Goodness Grows

CommonGround_July2013Common Ground Church Community is an Earth Care Congregation that was started by Steve Fortenberry. At first, it was a small home study group that was outreach oriented. During their house church stage there were approximately 10 people, but as the church grew Steve recognized the need for a new church development to fill the need for corporate worship, as well as the programming it could provide. In the fall of 2004, members were interested in purchasing property to build the Common Ground church. In 2005, Common Ground received their church charter and in 2006 purchased land in North Lima to make a place of their own. The faith community built their church on a 30-acre lot that was previously a garden center. They chose the site because they believed they could steward the site and create a blessing to the community. From this site Goodness Grows was formed, which, indeed, became an inspiration and a true blessing to the community.

Goodness Grows is a faith-based organization that works with community groups, congregations, workplaces, and individuals to help families “grow their way out of hunger and poverty.” Goodness Grows provides leadership and education to help create a healthier and sustainable community for future generations through agriculture. Steve and his faith community believe in caring for God’s creation and being good stewards of the earth, and their hard effort has paid off. In July 2007, Goodness Grows became their own separate 501(c)3 non-profit organization. Goodness Grows promotes local and organic agriculture rather than our conventional food distribution system. This creates high-value, healthier, and environmentally friendly food that the community can both appreciate and enjoy. This congregation, now about 80 worshiping regularly, has shown that they can have an impact.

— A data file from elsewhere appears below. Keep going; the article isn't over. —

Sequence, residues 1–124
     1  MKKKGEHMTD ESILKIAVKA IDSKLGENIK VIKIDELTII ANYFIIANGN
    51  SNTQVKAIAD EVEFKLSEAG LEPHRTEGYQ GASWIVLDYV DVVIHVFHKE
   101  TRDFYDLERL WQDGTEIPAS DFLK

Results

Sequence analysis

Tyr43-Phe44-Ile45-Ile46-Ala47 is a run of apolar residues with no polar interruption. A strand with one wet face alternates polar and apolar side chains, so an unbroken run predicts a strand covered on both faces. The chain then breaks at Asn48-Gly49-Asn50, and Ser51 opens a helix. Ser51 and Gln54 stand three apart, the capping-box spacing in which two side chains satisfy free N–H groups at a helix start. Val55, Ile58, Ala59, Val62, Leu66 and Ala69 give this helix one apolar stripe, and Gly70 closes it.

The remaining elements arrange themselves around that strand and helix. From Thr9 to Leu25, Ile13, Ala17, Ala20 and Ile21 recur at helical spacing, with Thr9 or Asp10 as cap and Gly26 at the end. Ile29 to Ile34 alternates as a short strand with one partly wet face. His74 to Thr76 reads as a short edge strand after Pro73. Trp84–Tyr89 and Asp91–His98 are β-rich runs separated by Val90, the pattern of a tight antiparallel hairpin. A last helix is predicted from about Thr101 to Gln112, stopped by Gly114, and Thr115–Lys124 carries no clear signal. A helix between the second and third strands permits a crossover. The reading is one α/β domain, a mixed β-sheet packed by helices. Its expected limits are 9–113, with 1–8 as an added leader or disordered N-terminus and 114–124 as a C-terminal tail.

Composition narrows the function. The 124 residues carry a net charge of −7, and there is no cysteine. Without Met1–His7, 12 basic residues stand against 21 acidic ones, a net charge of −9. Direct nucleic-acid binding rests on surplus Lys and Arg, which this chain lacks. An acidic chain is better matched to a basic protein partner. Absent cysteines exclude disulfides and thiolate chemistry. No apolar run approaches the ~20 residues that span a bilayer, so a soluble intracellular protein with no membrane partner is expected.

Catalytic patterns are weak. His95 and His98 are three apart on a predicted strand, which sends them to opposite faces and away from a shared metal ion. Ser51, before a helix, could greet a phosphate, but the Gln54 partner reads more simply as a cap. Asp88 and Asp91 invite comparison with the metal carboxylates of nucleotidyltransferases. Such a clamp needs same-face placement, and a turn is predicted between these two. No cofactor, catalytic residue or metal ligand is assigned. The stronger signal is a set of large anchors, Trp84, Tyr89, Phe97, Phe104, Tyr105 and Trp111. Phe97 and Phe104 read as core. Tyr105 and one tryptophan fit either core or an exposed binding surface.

Goodness Grows’ efforts have been well received by the local community and at the national level. Goodness Grows has completed range of projects—from community and school gardens to forming a community supported agriculture group that serves those with limited access to fresh food. Goodness Grows also has a Crop Grower Apprentice program which trains individuals to become agricultural entrepreneurs who can start their own self-sustaining farms. Goodness Grows’ hard work has won the organization multiple awards, and it has even been invited to local, regional, state, and national events.